Turning Point’s boss Lord Victor Adebowale has been deluged by more than 6,500 emails protesting at plans to cut the pay and conditions of the organisation’s 2,600 staff.
The proposals by the Turning Point charity have already forced some staff members to resort to food banks to survive.
Unite, the country’s largest union, which has seen a surge in new members at Turning Point due to these proposals, is currently consulting members on whether they wish to proceed to an industrial action ballot, and there are plans to then progress to ballot for strike action in targeted areas.
Unite said that employees have until 17 May to sign new contracts on inferior terms and conditions – otherwise they will be out of a job. Some members could be out of pocket to the tune of £10,000-a-year as a result of these ‘shabby’ new contracts.
Unite said that Turning Point had agreed to the union’s request that the dispute is referred to the conciliation service, Acas – but had refused to withdraw its notice terminating employees’ current contracts in the meantime.
Unite national officer for the not for profit sector Sally Kosky said: “The underlying problem at the charity stems from the coalition’s harsh austerity measures that have meant swingeing cuts to some of the most vulnerable in society.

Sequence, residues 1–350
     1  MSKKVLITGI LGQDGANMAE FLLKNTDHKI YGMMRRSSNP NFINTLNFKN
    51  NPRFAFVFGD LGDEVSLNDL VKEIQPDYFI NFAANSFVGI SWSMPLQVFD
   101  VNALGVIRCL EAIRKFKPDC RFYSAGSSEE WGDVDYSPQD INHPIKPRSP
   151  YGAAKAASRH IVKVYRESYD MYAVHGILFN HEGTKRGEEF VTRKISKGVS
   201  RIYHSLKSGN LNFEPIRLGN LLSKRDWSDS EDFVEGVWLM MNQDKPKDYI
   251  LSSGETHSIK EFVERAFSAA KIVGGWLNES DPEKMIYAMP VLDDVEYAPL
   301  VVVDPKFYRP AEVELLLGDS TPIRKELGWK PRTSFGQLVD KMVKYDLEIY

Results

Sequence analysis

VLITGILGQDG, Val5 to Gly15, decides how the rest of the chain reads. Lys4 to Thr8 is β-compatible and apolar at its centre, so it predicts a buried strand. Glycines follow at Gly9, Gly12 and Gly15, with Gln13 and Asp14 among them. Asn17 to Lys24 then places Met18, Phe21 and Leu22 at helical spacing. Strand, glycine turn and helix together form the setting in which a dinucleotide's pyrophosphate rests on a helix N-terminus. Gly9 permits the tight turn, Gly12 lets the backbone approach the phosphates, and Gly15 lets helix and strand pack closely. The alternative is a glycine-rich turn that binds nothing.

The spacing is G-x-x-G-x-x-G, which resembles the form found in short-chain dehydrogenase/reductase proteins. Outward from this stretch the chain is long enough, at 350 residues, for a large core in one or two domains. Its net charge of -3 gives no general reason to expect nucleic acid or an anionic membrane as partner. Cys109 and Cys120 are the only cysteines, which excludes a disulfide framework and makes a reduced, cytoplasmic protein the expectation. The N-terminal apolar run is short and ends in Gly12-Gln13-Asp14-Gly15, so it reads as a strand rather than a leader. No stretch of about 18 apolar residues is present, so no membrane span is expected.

“However Turning Point is not in financial crisis and is taking this course of action so it is in a position to further expand the business.
“This is at the expense of the current, and future workforce, and will have a knock-on effect in driving down pay and conditions across the social care sector.
“Supporters have sent more than 6,500 emails to Lord Adebowale protesting at the harsh regime he seems intent on imposing on staff. But he is not listening, so we are holding a consultative ballot on whether to proceed to a full industrial action ballot.”
Lord Adebowale recently spoke in the House of Lords of his concerns with the government’s so-called reforms. He said: “I am worried that the impact of welfare changes, spending cuts to services and rising living costs could contribute to a further increase in the use of food banks.”
But this is already happening to his own workers.
On Friday (12 April), representatives from across the social care sector held a protest outside NHS England board meeting in London.
They were angry at Turning Point’s plans to take services out of the NHS and then stripping its employees of hard-earned benefits, such as redundancy pay, overtime, unsociable hours, pay, and Agenda for Change pay rises.
Sally Kosky added: “As a member of the NHS England board, Turning Point’s chief executive Lord Victor Adebowale should treat workers decently.”
The 2,600 staff affected work in hundreds of community projects and services in England and Wales which are dedicated to helping those with mental health, substance abuse and employment problems.
For further information please contact Unite regional officer Jamie Major on 07879 692021 and/or Unite senior communications officer Shaun Noble on 07768 693940
- Unite is Britain and Ireland’s largest trade union with 1.5 million members working across all sectors of the economy. The general secretary is Len McCluskey